To determine the dose of a substance, you need to know the magnitude of the effect it produces. Above, you saw that the narcotic effect depends on the dose taken. There may be hundreds of dose sizes, and it would be rather difficult to understand the various effects. Therefore, we need a tool that will present the data clearly and definitely, to the extent possible. In pharmacology, such a tool is a dose action line. This is a common form of image effects obtained from taking different doses. Several groups of people will take different doses of alcohol and after a certain time they will be asked to describe the degree of their relaxation. From the average data for each group, a schedule is compiled, which will be the dose action line.
In fig. 4-2 shows a sample of such a line. Vertical presents the changes of interest to us, let us designate them as the “effect size”. The nature of the changes to which special attention is paid in this book is determined by generally accepted methods for measuring the mood, behavior or functioning of the nervous system. Examples are memory testing, mood assessment, measurement of physiological parameters such as pulse. Doses are marked on the horizontal axis (often their logarithms). The studies cover at least three doses. After that, it remains to plot the data on the strength of the effect of the studied drug on people who have received a certain dose. Either different doses are given to different groups of people, or the same group receives these doses over several days.In both cases, we get the average effect of each dose studied.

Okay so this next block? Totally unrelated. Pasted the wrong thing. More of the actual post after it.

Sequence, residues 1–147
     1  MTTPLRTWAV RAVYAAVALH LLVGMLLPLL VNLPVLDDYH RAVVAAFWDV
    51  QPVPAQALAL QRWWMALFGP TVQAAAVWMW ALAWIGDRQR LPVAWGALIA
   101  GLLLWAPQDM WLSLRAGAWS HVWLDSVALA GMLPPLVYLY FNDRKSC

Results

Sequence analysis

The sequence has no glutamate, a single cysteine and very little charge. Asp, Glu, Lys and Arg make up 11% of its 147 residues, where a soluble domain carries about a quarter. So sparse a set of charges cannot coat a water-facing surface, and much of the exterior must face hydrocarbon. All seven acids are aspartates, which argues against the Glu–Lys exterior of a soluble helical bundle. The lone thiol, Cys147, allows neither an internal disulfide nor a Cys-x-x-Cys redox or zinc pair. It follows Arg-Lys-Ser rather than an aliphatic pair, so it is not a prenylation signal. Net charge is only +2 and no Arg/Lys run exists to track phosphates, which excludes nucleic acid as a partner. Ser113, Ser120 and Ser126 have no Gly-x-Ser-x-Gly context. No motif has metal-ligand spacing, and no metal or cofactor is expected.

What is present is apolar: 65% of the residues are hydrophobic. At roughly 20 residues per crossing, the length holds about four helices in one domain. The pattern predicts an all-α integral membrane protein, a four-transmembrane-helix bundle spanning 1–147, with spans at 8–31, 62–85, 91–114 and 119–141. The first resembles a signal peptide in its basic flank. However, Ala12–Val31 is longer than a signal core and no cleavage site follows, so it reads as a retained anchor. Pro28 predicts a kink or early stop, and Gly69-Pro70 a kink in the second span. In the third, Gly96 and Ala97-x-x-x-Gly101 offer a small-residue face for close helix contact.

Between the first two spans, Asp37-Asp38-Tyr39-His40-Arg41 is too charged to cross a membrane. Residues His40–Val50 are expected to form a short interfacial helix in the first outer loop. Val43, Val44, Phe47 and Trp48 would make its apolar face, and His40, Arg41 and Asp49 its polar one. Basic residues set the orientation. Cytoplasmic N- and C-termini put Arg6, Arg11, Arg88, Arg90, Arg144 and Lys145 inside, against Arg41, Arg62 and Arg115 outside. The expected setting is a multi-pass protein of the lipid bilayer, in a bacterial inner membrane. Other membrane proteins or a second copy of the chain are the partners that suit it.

Thus, the graph depicts the functional dependence of the magnitude of the effect on the dose of the drug.
From Figure 4-2, it can be seen that the effect varies with dose change. The shape of the line suggests that an accurate dose is needed to accurately determine the magnitude of the effect. For example, the larger the dose of the drug in Figure 4-2, the greater the effect it produces. But there is a limit: at the highest doses, the schedule tends to move to a horizontal line. This means that increasing the dose over a certain level does not enhance the effect. You can illustrate this with the effect of alcohol on the time it takes a person to have a simple reaction, for example, say yes or no in response to the presence or absence of any stimulus, say light. For an “average” drinking person, taking two 0.33-liter doses of beer per hour had practically no effect on the reaction time. After four doses, the time required for a response has increased markedly.After five doses, responses began to be given even more slowly. If a person took nine or more doses of beer per hour, he was very sleepy, and thus measuring the further deterioration of the reaction as alcohol was consumed would be simply useless. At this point, when a person has to make great efforts not to disconnect, the possibilities and benefits of such a measurement will tend to zero. After a ninefold dose, the line of action will take a horizontal position on the graph.the possibilities and benefits of such a measurement will tend to zero. After a ninefold dose, the line of action will take a horizontal position on the graph.the possibilities and benefits of such a measurement will tend to zero. After a ninefold dose, the line of action will take a horizontal position on the graph.